What exactly does 'hands-free' mean?
The words "hands-free" should be self-explanatory, but San Antonio drivers are still trying to figure out what exactly qualifies as hands-free.
Officer Marcus Trujillo with the San Antonio Police Department explains:
"As far as the hands-free ordinance goes – the new ordinance that went into full effect the very first of this year, there's still some confusion with some folks as to who that applies to. I've gotten several emails asking does this apply to all the passengers or just the front passenger? Actually, it doesn't apply to any of the passengers. It only applies to the operator of the vehicle. Another one of the common questions that I've received a lot through the email over the last couple of weeks is is it considered a hands-free device if I hold the phone between my ear and my shoulder? And the answer is no. The way the ordinance is written it's fairly clear that you cannot be touching the phone itself. You can either carry on a conversation through a wireless device – such as a Bluetooth, a wired ear piece or use the speaker function on the cell phone itself. But you can't hold it. You can't prop it up between your ear and your shoulder. It has to be away from you.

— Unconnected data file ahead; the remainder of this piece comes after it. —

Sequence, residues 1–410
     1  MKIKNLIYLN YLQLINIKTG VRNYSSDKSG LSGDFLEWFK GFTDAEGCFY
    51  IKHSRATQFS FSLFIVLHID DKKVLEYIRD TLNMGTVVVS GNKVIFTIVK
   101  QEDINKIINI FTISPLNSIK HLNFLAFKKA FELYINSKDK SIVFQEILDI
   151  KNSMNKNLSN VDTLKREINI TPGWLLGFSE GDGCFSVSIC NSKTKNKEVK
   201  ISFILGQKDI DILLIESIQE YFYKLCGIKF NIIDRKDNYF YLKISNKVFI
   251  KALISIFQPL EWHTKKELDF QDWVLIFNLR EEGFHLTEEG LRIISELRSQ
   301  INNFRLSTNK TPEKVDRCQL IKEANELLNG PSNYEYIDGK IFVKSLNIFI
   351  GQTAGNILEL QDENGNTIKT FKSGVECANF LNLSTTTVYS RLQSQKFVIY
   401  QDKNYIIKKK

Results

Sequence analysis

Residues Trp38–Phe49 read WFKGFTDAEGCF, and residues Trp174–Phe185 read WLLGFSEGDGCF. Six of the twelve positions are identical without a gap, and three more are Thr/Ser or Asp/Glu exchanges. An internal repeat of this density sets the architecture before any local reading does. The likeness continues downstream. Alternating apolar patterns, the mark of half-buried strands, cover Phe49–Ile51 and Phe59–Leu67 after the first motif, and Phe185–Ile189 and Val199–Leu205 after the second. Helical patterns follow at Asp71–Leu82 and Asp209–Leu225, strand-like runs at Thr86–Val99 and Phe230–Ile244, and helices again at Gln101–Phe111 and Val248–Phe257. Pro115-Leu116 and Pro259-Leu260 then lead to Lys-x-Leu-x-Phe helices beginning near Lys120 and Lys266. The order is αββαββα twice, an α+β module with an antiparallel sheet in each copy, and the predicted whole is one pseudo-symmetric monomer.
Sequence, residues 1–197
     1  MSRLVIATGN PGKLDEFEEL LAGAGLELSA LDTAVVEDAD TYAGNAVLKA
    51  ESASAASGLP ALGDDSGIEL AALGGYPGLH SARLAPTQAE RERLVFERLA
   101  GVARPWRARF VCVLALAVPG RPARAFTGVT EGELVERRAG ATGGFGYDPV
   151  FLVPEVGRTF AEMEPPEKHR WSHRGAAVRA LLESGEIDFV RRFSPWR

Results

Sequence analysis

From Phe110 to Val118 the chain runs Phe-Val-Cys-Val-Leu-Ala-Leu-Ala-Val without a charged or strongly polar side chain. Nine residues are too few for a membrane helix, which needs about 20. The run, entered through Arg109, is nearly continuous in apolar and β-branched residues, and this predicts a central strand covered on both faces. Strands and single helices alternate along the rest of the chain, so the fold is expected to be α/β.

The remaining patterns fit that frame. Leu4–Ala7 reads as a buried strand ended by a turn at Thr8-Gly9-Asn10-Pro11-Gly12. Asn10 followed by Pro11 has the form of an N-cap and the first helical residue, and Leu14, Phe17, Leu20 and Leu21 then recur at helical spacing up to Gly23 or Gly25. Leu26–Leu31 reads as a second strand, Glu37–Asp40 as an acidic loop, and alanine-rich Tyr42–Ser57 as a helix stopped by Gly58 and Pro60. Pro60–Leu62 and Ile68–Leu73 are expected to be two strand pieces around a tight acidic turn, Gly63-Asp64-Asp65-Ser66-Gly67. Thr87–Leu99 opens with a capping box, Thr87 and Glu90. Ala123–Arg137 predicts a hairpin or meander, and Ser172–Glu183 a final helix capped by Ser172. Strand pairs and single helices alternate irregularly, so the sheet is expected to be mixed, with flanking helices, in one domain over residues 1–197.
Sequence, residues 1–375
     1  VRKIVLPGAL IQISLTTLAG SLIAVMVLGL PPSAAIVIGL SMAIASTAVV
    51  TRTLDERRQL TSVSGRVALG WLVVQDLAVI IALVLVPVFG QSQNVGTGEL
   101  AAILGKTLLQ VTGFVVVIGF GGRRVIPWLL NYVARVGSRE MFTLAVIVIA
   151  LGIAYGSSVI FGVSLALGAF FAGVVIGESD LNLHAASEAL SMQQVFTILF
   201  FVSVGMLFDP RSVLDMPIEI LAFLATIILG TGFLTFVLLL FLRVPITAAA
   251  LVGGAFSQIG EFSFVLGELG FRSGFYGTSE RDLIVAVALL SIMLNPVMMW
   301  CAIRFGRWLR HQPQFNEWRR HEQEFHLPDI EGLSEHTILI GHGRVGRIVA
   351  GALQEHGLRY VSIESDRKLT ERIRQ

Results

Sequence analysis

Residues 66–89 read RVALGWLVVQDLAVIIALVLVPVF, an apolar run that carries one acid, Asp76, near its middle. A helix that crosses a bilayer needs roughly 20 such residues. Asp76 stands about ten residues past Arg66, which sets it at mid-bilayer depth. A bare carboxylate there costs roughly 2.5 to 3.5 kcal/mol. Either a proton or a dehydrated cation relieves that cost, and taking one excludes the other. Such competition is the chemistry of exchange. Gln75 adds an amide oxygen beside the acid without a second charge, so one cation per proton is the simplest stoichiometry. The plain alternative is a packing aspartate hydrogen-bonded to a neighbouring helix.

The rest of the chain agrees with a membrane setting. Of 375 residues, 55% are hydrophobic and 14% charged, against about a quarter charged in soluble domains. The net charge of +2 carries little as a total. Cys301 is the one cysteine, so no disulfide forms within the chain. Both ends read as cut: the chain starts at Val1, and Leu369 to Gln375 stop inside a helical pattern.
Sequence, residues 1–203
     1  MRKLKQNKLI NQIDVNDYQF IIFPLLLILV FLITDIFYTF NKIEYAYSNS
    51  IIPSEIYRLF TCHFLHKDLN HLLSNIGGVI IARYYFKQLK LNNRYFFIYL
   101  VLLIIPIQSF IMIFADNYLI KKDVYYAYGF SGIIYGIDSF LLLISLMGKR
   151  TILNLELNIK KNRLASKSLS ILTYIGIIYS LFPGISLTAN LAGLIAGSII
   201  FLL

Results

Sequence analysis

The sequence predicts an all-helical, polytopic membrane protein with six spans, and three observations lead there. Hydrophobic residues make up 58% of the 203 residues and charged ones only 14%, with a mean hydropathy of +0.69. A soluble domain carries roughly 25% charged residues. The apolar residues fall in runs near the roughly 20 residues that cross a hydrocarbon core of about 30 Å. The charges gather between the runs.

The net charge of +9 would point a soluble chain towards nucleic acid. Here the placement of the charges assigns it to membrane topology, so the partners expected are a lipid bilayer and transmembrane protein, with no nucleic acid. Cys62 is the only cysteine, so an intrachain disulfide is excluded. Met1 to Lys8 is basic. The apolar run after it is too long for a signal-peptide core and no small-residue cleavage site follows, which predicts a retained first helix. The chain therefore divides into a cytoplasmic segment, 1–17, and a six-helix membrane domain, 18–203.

One of the other things that's not considered a hands-free device is using the old fashioned basketball headbands to hold the phone to your ear. That's not acceptable either.
You cannot hold the phone, dial, speak directly into or listen to, so it covers it being there and you not physically holding it with your hands.
You can touch it to activate it and deactivate it because most phones, unless you have one of the latest generation Bluetooth speakers connected to your phone with one of the latest generation phones, most phones there is some sort of activation button that you have to hit prior to it accepting voice commands."
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